If Congress passed a law so
sweeping as to be possibly the biggest infringement on economic
liberty this decade, would that be headline news? Apparently not.
Scant media attention has
been paid to the Balanced Budget Actís Medicare provision, which
blacklists doctors who provide medical treatment to
Medicare-eligible patients without billing Medicare. Beginning
January 1, doctors who treat seniors outside the Medicare system
will be required to sign an affidavit agreeing not to seek any
Medicare reimbursements for medical services for two years. Seniorsí
right to pay privately for medical services will essentially be
destroyed by this legislation, because few providers will be able
and/or willing to treat only seniors who do not use Medicare.
Medicare-eligible seniors were able to privately contract for
services if they were not participating in Medicare Part B, the
voluntary, but popular, supplemental medical insurance that covers
physician, outpatient, and other services. Under the new law, they
will be able to participate in Medicare Part B and privately
contract ó but the new law also makes it unlikely that they will be
able to find any willing providers. Catch-22?
Supporters of the new law
defend on two grounds the restriction on private contracting. First,
they argue it is a necessary protection against fraud and abuse of
the Medicare program.
In particular, the fear is
that physicians could "double-dip" by simultaneously receiving
payments from the Medicare program and from the patient. Their
concern may be valid, but unfortunately this prescription is more
dangerous than the ill it is designed to cure.
Even if a doctor were to
risk severe financial penalty and imprisonment by double-billing
Medicare and the patient, this illegal practice would create no
additional financial strain on the government system, compared to
Medicare payment alone.
Indeed, if the privately
contracted health service were covered under Medicare, the
government would be paying for the treatment no matter whether the
patient also pays for it or not.
Furthermore, an Explanation
of Medicare Benefits form is sent to each patient by the government
whenever Medicare pays a claim, making it easy for the patient who
suspects double-billing to report it to the government.
The restriction on private
health care for seniors is also defended in the name of consumer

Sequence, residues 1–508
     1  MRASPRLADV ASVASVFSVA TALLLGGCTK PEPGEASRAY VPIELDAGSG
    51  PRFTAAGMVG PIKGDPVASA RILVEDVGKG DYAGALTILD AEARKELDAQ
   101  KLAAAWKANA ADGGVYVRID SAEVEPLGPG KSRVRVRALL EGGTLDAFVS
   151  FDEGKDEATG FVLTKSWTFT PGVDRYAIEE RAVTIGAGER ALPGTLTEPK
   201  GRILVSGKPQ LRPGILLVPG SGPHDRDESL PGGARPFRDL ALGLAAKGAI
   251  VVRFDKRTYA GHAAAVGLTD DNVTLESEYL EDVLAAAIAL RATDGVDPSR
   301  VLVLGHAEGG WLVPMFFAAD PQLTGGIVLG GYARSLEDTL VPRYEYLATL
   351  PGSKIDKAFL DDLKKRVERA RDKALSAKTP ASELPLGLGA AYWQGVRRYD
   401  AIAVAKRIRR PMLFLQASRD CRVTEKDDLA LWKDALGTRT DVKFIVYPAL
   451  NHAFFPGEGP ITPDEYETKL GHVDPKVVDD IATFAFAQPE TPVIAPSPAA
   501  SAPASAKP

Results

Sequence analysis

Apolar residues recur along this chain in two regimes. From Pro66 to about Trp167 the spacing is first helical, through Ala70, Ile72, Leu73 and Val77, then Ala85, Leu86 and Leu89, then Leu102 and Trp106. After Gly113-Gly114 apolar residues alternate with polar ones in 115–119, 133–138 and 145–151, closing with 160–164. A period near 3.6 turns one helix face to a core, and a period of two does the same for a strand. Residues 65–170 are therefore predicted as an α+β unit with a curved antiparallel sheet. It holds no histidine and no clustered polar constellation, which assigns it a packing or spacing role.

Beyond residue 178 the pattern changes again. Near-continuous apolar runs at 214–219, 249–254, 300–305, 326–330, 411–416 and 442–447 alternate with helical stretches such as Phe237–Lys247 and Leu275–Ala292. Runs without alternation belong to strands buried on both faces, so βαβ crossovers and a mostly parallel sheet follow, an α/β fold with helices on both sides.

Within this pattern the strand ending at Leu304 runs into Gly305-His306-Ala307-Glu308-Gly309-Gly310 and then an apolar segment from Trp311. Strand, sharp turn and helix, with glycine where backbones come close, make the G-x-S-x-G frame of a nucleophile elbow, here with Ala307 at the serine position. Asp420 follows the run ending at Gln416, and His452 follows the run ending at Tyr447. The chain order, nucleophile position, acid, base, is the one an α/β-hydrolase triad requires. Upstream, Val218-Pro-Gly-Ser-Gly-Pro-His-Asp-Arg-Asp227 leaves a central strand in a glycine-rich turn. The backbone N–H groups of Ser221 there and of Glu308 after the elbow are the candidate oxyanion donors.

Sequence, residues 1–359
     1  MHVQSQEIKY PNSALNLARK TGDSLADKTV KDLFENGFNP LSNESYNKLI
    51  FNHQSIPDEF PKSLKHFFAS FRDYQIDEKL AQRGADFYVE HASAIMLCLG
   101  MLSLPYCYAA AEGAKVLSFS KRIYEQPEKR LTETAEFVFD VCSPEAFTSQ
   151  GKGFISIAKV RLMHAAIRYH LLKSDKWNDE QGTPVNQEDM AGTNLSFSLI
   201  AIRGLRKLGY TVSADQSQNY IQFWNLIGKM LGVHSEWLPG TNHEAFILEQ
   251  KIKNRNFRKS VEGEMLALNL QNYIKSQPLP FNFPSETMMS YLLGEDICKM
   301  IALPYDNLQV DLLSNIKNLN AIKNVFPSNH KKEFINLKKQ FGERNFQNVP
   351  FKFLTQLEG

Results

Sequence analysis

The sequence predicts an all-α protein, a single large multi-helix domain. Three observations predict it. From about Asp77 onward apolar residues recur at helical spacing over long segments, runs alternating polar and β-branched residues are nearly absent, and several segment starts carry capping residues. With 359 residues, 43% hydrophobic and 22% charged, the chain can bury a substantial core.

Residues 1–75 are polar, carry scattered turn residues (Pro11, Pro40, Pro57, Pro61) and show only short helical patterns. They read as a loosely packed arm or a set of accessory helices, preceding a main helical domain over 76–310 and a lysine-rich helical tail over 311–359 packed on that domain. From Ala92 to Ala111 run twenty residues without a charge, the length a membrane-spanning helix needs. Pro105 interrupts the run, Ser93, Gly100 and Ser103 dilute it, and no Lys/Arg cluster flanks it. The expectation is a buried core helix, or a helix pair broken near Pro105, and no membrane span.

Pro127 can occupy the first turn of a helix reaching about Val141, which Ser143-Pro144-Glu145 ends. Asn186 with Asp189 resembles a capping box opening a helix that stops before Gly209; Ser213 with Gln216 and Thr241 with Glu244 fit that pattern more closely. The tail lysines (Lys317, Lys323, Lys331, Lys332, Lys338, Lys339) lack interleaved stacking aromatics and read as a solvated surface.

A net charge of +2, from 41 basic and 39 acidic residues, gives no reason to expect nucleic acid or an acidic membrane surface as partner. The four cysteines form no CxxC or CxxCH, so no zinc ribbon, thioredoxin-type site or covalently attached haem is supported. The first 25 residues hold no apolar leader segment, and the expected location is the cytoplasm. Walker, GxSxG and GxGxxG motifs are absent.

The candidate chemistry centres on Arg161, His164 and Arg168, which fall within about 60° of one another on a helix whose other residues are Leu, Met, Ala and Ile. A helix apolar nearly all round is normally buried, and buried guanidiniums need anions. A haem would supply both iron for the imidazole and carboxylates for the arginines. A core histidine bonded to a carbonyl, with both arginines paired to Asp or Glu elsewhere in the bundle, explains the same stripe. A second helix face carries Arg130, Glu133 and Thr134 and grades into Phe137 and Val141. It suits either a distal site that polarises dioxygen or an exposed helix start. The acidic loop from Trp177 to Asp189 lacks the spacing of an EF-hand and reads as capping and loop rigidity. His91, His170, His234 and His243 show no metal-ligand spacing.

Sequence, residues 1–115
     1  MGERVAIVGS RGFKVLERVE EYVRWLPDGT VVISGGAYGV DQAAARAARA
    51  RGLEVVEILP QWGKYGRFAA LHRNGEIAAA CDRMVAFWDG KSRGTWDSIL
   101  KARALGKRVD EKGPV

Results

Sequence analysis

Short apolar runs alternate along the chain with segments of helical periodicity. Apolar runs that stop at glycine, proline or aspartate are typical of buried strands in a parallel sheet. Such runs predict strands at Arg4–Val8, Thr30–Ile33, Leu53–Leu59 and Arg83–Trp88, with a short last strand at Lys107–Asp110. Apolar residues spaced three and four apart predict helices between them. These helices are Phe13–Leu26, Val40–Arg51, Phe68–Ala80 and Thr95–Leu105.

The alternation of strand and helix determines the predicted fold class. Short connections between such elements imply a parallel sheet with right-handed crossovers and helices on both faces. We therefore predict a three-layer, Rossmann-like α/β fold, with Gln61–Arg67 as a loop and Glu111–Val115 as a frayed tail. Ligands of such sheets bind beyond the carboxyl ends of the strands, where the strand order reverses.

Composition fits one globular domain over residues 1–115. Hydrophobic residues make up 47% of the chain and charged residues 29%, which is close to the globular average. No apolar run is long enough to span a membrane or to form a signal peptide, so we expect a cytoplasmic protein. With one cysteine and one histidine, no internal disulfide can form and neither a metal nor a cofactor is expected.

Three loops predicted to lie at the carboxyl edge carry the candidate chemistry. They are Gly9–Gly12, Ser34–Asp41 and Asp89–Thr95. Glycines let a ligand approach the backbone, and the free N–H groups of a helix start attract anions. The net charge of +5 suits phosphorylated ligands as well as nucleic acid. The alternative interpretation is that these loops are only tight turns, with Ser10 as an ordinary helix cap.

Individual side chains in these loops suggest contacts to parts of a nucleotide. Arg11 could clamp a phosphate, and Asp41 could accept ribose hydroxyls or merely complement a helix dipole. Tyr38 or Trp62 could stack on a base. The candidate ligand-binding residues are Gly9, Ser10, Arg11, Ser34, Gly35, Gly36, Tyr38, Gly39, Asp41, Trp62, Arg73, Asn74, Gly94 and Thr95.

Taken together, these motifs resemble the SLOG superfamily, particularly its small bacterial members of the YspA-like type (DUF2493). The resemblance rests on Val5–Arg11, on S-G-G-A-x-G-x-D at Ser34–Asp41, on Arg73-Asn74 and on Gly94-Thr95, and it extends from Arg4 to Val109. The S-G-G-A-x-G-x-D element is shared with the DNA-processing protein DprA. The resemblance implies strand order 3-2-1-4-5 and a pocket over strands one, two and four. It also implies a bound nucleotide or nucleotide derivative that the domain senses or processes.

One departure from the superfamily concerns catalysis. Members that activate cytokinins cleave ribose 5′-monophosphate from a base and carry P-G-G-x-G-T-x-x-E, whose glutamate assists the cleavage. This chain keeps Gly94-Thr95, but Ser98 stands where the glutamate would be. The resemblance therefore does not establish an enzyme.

protection. The argument is that unscrupulous doctors, if not
regulated, may overcharge patients. In other words, consumer choice
(as opposed to the financially unstable Medicare bureaucracy) will
lead to increased costs.
Nothing could be further
from the truth. Patient freedom to seek care outside the Medicare
system can only drive costs down and improve quality through
cost-conscious individual financial decisions. Patients who pay for
services out of their own pockets will make more considered and
thoughtful choices, weighing the need for treatment against costs.
A peculiar irony of this
Medicare restriction is that foreign seniors who travel to the U.S.
to obtain health care enjoy more freedom of choice than our own
seniors. Unlike Medicare-eligibles in the U.S., non-citizens may
privately contract for medical services without restriction (and
without being forced to pay into Medicare, either). Doctors who
would not dare contract with American seniors may treat without
restriction non-citizens paying privately. Even the much-maligned
British health care system is less restrictive than Medicare when it
comes to private contracting.
Can we then assume that the
Medicare Beneficiary Freedom to Contract Act sponsored by Senators
Jon Kyl (R-AZ) and Don Nickles (R-OK) and Congressman Bill Archer
(R-TX), which would remove the two-year exclusion from Medicare for
doctors who privately contract with Medicare-eligibles, will fix the
problem? Unfortunately, no.
The proposed "fix" would
expand private contracting, but contains a rule that allows it only
if privately contracted medical services are reported to the
Secretary of Health and Human Services. Seniors will be allowed to
purchase medical services on their own only if they sacrifice their
right to medical privacy. Seniors deserve better.
So far, none of this has
been deemed newsworthy by the American media. But does anyone really
doubt that readers and viewers would be interested in an attack on
the freedom of doctors and senior citizens? Reporters should hold
lawmakers accountable for behind-the-scenes actions designed to keep
seniors firmly in place in the Medicare system.
Naomi Lopez is a research
associate at the Institute for SocioEconomic Studies in White
Plains, New York.